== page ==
Commercial Warehousing Industry Shows Signs of Growth as Employment Rises
After the recent release of May employment numbers from the U.S. government, talk was somewhat doom-and-gloomy. Fortunately, there was one bright spot for those of us in the commercial warehousing industry. According to Joc.com, the report found that warehousing and storage businesses added approximately 3,000 jobs from April to May. That marks a 6.5% year-over-year increase, as well as the 29th straight month of job growth in the warehousing sector.In an economy that’s still teetering on the brink of recovery and/or imminent collapse — depending on who you’re talking to — those are exceptional numbers. While this appears to be good news for warehousing and distribution, there was another facet of the jobs report that was not particularly positive.
Jobs in the commercial warehousing and for-hire trucking industry fell for the third time this year. Overall, the trucking industry lost about 2,400 jobs over the same time span and 5,400 since January. In contrast, commercial warehouse and distribution warehouse space added over 14,000 jobs since January. When you combine storage businesses with commercial warehouses, the number increases to 132,500 jobs added since January.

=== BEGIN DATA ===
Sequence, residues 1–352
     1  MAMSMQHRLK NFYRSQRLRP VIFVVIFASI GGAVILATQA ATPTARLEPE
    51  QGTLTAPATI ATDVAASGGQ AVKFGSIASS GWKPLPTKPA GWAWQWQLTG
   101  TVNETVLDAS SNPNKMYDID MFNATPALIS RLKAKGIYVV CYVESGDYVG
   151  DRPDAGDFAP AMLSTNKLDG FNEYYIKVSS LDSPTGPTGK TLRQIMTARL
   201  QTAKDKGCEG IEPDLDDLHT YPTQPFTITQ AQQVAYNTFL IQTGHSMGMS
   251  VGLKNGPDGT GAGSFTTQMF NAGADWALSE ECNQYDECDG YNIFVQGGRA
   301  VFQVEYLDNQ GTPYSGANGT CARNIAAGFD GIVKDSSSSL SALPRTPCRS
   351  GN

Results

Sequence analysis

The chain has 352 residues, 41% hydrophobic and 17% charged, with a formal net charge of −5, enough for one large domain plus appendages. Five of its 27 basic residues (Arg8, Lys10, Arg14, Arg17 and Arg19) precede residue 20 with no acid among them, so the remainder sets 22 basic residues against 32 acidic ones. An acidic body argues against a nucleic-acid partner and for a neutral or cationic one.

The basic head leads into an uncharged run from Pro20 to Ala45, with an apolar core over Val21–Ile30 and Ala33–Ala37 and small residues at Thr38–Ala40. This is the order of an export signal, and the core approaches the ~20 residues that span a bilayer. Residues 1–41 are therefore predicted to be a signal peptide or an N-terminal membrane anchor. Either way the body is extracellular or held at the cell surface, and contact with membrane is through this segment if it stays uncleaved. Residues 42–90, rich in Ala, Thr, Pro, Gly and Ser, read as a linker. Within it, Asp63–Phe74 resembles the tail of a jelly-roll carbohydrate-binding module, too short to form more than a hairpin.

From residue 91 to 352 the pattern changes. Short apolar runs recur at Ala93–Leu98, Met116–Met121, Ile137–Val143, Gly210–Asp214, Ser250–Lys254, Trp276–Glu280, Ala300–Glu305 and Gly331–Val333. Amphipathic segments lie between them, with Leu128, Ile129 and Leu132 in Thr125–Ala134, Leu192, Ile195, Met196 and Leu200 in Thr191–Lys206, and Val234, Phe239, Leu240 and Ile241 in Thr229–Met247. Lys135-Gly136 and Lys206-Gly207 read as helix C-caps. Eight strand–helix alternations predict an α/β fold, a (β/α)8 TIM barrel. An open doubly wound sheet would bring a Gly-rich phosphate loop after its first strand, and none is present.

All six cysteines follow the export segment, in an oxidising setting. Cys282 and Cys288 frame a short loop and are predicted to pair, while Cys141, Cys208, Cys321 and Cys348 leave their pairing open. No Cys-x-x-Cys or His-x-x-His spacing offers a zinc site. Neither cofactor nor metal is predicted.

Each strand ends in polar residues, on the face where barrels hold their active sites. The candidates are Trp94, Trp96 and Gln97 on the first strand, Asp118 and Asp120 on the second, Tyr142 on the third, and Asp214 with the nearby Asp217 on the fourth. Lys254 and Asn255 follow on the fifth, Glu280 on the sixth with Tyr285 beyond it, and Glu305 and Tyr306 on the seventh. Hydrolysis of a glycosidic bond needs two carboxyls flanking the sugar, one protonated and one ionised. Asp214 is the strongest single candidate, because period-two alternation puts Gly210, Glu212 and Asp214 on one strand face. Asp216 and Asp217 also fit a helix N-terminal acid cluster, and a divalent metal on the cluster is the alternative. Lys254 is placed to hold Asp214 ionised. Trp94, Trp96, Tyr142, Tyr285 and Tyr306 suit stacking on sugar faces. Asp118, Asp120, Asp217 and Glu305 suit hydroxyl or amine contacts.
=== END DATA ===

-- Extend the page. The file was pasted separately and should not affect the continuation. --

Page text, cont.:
“The contrast between rising warehousing employment and stuttering trucking recruitment reflects tight warehouse capacity, rising e-commerce orders, loose truckload capacity and soft demand for industrial freight and brick-and-mortar retail goods,” wrote JOC’s senior editor, Bill Cassidy. “It’s a shift in the distribution landscape that transportation providers are struggling to cope with in 2016.”
Even speculative building, in which many people in the industrial warehouse space engage, apparently hasn’t done much to derail the commercial warehousing industry. The growth numbers are even better when you consider that the U.S. job market took a hit overall. Economists were hopeful that recent job growth numbers would continue (160,000 across all industries in April), but unfortunately, they were wrong (38,000 in total in May).
While the trucking and transportation industry will likely struggle over the next few months, commercial warehousing appears to be doing all right. This is good news for the estimated 166,907 men and women who work in the U.S. storage and warehouse leasing industry. Recent estimates put the storage and warehouse leasing industry worth an estimated $26 billion.